The group of 46 students and chaperones from Listowel District Secondary School that had been trying to secure a flight out of the country for the last week following the Canadian government’s call for residents travelling abroad to return home have been safely repatriated and are now in isolation.
Despite the best attempts of chaperones, Avon Maitland District School Board staff, and representatives from Explorica — the tour company that arranged the nine-day school trip to the UK — the group was unable to book enough seats on a flight out of the country prior to their originally scheduled flight home on Saturday.
After spending the first few days of their trip in Scotland following a change from the original itinerary — which would have seen the group spend the week in London — students and chaperones were moved to the London area, but not within the city itself, to ensure they were within driving distance of an airport in case they were able to secure enough seats on a flight home for everyone.
“We went to a lot of castles, which were really cool, and we did a lot of outdoor activities,” Chloe Hemingway, one of the students who was on the trip, said during a video-chat interview with the Beacon Herald and other local media outlets Sunday evening.
“We went hiking the one day and we went to the St. Andrews Beach. Our tour guide did a really good job finding stuff that we could do that we didn’t really plan to do — because we planned to do a lot of those touristy things, but instead we spent a lot of time outside.”
According to Listowel District Secondary School principal and trip chaperone Kimberley Crawford, while the group was waiting for a flight home, the chaperones and tour company were continuously changing the trip’s itinerary to ensure the group’s daily activities kept them away from heavily trafficked tourist attractions and busy metropolitan areas to reduce the chance of exposure to someone with COVID-19.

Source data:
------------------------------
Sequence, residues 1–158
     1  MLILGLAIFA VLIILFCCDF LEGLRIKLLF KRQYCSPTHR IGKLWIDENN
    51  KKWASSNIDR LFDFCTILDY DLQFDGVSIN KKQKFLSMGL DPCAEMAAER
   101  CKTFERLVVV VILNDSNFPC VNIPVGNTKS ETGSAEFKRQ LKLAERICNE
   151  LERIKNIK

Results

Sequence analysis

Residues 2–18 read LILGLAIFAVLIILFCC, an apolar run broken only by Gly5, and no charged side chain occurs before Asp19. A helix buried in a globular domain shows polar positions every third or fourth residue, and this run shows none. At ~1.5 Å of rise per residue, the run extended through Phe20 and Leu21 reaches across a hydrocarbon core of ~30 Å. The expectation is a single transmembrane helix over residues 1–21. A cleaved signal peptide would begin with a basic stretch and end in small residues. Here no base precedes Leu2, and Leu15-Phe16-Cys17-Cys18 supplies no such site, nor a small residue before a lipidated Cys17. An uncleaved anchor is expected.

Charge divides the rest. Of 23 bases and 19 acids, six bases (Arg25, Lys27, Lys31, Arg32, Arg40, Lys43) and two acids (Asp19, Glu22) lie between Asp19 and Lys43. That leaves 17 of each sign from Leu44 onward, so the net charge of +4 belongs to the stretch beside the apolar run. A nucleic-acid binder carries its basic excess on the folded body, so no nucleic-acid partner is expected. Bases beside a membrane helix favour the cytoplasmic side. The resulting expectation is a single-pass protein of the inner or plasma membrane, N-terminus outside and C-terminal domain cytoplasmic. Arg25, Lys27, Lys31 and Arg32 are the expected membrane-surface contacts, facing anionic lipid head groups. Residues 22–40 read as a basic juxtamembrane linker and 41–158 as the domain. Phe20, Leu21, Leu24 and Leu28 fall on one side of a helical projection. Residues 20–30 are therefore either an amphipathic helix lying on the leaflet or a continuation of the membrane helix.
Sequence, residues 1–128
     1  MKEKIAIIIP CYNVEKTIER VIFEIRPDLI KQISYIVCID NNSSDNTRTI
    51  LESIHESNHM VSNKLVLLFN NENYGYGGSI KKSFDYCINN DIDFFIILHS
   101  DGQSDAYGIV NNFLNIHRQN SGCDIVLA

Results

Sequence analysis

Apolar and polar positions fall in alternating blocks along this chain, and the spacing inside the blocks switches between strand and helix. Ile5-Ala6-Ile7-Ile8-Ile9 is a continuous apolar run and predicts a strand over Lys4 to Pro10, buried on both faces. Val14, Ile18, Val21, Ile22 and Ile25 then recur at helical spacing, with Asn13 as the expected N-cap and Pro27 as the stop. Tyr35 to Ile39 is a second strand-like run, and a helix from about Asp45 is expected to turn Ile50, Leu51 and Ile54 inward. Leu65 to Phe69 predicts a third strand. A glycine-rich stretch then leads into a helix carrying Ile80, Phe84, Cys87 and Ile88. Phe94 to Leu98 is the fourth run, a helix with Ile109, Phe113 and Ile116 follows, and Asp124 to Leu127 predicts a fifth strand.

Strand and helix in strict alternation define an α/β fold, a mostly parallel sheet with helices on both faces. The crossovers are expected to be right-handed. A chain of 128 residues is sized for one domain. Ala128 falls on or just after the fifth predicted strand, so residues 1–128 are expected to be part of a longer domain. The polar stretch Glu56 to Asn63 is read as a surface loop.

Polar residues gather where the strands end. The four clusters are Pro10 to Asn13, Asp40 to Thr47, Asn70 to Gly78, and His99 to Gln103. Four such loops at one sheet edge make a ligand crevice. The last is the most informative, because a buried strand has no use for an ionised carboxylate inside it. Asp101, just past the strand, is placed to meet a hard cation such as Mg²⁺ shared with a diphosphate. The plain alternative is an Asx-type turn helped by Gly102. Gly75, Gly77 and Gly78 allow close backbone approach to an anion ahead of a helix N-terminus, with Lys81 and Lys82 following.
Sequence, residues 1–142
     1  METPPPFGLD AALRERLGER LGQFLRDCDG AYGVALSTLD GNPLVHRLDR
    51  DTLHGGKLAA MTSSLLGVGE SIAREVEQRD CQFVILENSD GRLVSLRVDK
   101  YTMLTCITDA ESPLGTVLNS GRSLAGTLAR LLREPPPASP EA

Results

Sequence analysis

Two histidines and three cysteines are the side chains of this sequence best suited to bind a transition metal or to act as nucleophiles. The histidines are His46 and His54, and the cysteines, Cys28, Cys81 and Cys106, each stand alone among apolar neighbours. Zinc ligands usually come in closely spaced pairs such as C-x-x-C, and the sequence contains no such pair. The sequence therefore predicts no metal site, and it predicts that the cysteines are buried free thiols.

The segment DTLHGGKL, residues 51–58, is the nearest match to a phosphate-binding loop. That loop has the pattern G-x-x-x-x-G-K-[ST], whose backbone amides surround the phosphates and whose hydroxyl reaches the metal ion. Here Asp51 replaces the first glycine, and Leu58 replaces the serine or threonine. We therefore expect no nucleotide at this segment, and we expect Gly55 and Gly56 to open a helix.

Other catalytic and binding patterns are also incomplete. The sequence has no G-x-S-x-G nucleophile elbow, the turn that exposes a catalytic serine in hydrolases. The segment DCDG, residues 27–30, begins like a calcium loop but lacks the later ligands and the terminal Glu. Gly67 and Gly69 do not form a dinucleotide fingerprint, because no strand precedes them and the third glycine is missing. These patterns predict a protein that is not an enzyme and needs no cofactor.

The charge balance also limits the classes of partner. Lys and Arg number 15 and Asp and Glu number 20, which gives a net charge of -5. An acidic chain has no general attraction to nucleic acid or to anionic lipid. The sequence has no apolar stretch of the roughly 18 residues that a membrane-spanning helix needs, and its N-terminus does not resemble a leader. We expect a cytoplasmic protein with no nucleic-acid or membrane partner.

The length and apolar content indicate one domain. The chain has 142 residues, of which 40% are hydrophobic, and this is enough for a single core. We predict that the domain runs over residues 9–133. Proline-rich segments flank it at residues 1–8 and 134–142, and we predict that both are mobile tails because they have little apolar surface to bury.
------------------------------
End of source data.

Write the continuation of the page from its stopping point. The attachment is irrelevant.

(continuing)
In addition, the students had been taught by public health officials how to properly wash and sanitize their hands and take other precautions prior to their departure from Toronto on March 12.
“We were always sanitizing. We had like a sanitizer jug that we put on our hands when we got on and off the bus… We weren’t allowed to hang out in our hotel rooms with more than four people, and if we were going to hang out with more than that, they had a space designated for us that was a bigger area so we weren’t hanging out in big groups in small spaces,” Hemingway said.
Though they had been told their trip was likely going to be cut short and they were well aware the COVID-19 pandemic was escalating and travel restrictions were continuing to be imposed, the students were able to enjoy their time in the UK without worrying too much about whether they would make it home.
“I was never too worried about it,” said Caden Reyes, another student who was on the trip, during Sunday’s interview. “I had trust in Canada and knew that we would get home eventually through some means… The group consensus, from what I felt anyway, was that we were all pretty firm we were going to be home at some point within the scheduled time.”